3 Ways Runners Can Prevent Toenail Injuries from fit to lacing

3 Ways Runners Can Prevent Toenail Injuries

toenail injuries

For runners, toenail injuries come with the territory. While some proudly display them as a badge of their hard work and dedication, others prefer to keep their love for running a little more conspicuous.

For many people, black, missing or loose toenails are the price they pay for their marathon medals. The consistent impact of toes hitting the front of the shoe cause damage to the nail, which can result in blood pooling underneath the nail and/or blood blisters. This can be quite painful, and pressure underneath the nail can actually lift the nail from the nailbed.

If you’re an avid runner, here are some ways you can help protect your toenails:

  • Proper Shoes: One of the easiest ways to prevent nail trauma is to ensure you have properly fitted running shoes.  To insure the best fit possible, visit your local shoe store specializing in running to receive a professional fitting.  Overall, you want to make sure you have room in the toes, but not enough that your foot slides in the shoe. The associate will most likely ask you to jog around the store to watch how your feet land, as well as get your feedback on how the shoe feels.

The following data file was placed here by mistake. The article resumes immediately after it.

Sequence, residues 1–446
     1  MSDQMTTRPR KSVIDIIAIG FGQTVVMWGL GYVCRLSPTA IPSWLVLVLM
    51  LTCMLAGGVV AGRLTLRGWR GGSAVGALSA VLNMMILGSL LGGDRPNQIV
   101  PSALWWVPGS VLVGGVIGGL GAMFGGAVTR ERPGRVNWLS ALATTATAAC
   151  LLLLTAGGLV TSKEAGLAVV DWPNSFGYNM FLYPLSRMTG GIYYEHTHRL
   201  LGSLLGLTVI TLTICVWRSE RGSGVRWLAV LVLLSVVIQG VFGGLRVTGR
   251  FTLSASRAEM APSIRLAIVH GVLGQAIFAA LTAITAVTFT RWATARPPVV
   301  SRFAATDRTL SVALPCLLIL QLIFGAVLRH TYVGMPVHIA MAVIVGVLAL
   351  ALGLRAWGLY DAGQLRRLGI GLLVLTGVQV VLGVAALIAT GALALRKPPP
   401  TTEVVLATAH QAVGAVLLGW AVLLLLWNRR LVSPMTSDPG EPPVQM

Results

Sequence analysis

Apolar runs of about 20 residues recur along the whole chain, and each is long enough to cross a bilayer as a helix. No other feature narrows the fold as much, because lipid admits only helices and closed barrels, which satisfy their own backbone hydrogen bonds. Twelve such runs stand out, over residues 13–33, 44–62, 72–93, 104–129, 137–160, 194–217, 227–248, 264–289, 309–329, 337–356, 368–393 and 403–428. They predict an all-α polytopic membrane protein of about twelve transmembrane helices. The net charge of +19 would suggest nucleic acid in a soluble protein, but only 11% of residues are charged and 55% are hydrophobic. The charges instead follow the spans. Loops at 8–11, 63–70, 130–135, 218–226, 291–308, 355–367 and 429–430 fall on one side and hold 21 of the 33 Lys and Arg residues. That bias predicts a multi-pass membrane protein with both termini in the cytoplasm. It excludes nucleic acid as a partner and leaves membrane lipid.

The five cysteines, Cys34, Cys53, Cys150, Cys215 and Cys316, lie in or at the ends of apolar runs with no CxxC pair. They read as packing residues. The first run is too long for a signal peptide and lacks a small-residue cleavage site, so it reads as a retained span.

• Silicone Toe Pads: They can help absorb some of the pressure and shock from running, limiting the amount of force your toenail is subjected to. These are a great preventative step, but may not completely eliminate problems with the toenail. However, the silicone feels great during a run, especially if toenail pain has become a common ailment when you’re hitting the pavement.
  • Lacing Techniques: A lacing technique courtesy of RunnersWorld.com can help pull the shoe away from your toe:
  1. Thread one end of the lace through the eyelet next to your big toe.
  2. Pull the end of that lace up to the last eyelet on the opposite side, bringing the lace through to the outside.
  3. Leave just enough slack at the top to tie a bow.
  4. Take the remaining portion of the lace straight across towards the outside of the shoe and then diagonally up towards the inside of the shoe.
  5. Repeat until all of the eyelets are laced.
  6. When you tug on the outside lace, it will pull the material above your big toe up and off your nail.

To schedule an appointment to have your ankles evaluated by one of the highly skilled podiatrists at the Triad Foot Center, click here to request an appointment!

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